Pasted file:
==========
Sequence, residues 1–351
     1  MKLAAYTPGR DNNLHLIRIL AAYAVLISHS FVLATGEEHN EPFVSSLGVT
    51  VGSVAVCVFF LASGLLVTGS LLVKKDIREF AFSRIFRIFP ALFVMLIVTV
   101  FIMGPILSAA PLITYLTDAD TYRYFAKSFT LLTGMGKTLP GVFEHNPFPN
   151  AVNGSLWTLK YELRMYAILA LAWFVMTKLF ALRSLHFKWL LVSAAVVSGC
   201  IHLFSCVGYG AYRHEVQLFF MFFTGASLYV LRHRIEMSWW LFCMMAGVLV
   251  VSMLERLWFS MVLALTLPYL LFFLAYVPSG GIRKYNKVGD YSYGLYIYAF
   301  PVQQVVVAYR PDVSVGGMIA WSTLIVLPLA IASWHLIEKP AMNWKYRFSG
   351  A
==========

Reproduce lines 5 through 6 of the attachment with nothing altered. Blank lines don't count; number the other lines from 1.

   151  AVNGSLWTLK YELRMYAILA LAWFVMTKLF ALRSLHFKWL LVSAAVVSGC
   201  IHLFSCVGYG AYRHEVQLFF MFFTGASLYV LRHRIEMSWW LFCMMAGVLV